Michael Gove Denies MPs Voted To Say Animals Aren't Sentient, Blames Social Media For 'Corrupting' Truth

'That did not happen.'

Michael Gove has denied that MPs voted against the notion that animals are sentient following a backlash from campaigners this week.

The environment secretary also took aim at the way the argument has been portrayed on social media, saying the facts had been distorted.

Many mocked the Brexiteer’s attack on inaccurate reporting, pointing to the Leave campaign bus, which, prior to the June 2016 referendum, incorrectly boasted that departing the EU would give the UK £350 million a week.

<strong>Michael Gove dismissed claims that MPs voted against the notion that animals are sentient.</strong>
Michael Gove dismissed claims that MPs voted against the notion that animals are sentient.
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A row erupted in the wake of last week’s vote, which saw the government reject an amendment to the EU (Withdrawal) Bill which would have transferred part of the Lisbon Treaty into UK law.

Article 13 from the Lisbon Treaty recognises that animals are sentient and puts the onus on the state to take into account animal welfare when formulating and implementing policies in areas such as agriculture, fisheries and transport.

Gove has said that “no one in the House of Commons disagrees” that animals are sentient, but added that it would have created “legal uncertainty” if MPs had included the protocol in the withdrawal bill.

“On social media there was a suggestion that MPs had somehow voted against the notion that animals are sentient beings. That did not happen. That was absolutely wrong,” the Tory minister told BBC Radio 4′s Today programme on Friday.

When queried why Parliament didn’t bring across the protocol and then add to it later, Gove said: “It’s better to have an absolutely well designed piece of UK legislation rather than a poorly designed piece of EU legislation.”

Gove pointed to the ways in which the government has already strengthened animal welfare, such as moving to install CCTV in slaughterhouses, increasing sentences for animal cruelty and banning sales of ivory.

The Brexit campaigner said that the UK’s departure from the EU could lead to stronger animal welfare measures in areas such as live exports and puppy farming.

Gove said that he expects there will be additional safeguards for animals written into the Animal Welfare Act 2006 before the UK leaves the EU.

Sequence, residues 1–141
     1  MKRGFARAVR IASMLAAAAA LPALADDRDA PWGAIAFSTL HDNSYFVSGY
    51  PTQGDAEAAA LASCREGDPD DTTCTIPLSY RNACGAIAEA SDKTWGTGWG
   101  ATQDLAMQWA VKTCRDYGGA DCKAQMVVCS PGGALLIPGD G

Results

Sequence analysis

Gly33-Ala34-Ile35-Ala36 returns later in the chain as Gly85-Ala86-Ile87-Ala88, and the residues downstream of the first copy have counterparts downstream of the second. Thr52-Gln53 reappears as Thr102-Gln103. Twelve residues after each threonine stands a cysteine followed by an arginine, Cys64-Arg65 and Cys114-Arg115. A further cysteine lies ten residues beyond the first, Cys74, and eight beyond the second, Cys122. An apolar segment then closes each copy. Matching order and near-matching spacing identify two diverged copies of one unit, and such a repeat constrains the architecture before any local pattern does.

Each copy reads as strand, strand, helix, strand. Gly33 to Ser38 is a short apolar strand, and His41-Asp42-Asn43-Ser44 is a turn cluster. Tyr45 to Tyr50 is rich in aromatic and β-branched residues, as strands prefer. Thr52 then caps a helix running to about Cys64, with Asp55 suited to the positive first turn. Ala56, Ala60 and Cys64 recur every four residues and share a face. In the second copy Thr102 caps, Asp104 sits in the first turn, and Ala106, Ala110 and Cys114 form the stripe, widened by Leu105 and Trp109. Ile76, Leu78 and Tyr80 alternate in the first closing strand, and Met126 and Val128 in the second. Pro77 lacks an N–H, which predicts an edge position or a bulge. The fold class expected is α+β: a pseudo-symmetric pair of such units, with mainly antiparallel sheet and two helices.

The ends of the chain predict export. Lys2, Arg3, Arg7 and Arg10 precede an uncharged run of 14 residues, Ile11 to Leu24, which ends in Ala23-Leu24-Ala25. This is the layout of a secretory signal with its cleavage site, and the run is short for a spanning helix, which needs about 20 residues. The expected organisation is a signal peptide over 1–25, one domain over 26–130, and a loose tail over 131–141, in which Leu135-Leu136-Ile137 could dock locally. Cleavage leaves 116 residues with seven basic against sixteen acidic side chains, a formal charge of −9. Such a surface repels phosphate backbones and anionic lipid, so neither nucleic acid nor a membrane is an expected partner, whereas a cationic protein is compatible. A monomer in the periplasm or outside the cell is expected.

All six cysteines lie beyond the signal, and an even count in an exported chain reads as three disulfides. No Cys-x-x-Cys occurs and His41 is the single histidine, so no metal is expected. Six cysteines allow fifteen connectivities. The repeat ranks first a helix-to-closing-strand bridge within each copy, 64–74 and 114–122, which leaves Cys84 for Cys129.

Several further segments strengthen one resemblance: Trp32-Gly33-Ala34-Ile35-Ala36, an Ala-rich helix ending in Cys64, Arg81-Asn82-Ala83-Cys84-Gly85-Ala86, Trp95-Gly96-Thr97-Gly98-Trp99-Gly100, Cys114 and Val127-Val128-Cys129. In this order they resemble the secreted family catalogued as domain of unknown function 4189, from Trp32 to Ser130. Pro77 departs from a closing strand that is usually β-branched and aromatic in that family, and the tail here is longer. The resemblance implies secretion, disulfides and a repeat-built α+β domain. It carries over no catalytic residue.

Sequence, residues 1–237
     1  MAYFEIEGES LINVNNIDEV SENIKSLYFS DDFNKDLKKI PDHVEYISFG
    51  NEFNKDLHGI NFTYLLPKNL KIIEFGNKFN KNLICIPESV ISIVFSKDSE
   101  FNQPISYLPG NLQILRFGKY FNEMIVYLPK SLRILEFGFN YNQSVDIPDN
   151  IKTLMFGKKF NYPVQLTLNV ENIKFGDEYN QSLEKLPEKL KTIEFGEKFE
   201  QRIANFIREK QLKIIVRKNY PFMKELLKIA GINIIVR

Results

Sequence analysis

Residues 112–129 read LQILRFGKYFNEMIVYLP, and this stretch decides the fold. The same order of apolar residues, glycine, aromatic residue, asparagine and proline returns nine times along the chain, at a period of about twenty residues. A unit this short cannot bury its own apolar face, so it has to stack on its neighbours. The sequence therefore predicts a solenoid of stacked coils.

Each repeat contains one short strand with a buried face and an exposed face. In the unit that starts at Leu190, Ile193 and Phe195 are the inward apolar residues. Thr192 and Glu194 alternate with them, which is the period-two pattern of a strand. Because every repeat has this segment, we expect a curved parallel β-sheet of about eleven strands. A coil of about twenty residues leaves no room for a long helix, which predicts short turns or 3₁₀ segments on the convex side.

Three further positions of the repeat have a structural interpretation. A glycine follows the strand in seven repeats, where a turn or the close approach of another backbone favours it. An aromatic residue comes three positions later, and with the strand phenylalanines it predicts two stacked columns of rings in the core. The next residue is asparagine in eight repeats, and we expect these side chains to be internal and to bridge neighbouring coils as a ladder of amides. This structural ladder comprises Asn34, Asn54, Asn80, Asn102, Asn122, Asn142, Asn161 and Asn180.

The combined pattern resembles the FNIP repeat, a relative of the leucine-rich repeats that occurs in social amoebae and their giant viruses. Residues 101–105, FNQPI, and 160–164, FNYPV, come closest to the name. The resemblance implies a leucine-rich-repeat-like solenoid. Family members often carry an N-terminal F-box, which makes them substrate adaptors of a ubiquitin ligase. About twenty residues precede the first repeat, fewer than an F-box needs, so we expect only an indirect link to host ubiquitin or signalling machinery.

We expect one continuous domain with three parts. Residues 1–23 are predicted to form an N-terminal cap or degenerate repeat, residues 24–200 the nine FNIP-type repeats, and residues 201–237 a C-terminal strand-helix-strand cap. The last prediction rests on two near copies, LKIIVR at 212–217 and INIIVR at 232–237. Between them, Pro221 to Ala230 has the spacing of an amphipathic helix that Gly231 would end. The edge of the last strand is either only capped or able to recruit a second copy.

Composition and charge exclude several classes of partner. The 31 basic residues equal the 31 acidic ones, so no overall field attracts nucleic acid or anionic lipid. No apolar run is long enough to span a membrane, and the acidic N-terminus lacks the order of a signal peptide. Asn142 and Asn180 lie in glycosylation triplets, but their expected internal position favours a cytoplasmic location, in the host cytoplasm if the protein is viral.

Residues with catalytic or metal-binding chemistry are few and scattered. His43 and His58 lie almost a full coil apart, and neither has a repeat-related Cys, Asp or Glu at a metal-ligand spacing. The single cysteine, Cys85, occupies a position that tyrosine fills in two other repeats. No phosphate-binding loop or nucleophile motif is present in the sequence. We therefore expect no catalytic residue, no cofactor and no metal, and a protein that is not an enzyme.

“What we’re going to do is to ensure that we have stronger protection written into law in order to ensure that there is no gap.

“We will ensure that there is no gap in the operation of the law, and there is no way in which animal protection can be diminished in any way, in any shape, or in any form,” Gove added.

The senior Tory MP also criticised the way the debate had been portrayed on social media, claiming the vote had been “unfairly represented”.

“There’s an unhappy tendency now for people to believe that the raw and authentic voice that’s shared on social media is more reliable than what is said on Hansard or on the BBC,” he said.

“We have got to stand up against the way in which social media corrupts and distorts both reporting and decision making.”

Green Party co-leader Caroline Lucas tabled the amendment, raising concerns that the current regulations risked dropping out of UK law by accident once Britain leaves the EU.

Many experts and animal welfare campaigners have spoken out on last week’s vote, often being highly critical of the government’s stance.

Gudrun Ravetz, senior vice president at the British Veterinary Association, detailed the different protections for animals in Article 13 of the Lisbon treaty compared to the UK’s Animal Welfare Act 2006.

She told Today: “Article 13 puts a duty on the state to pay full regard to animal welfare for a specific set of policies and explicitly states that animals are sentient.

“Now the Animal Welfare Act 2006, which is UK law, puts the duty for the animal welfare on the owner or the keeper.

“And, although it implicitly states animals are sentient in the explanatory notes, that is only for vertebrates.”

She called the differences between the two “significant”, adding that if the principle of Article 13 is not brought into UK law then there would not be a duty on the state to pay full regard to animal welfare.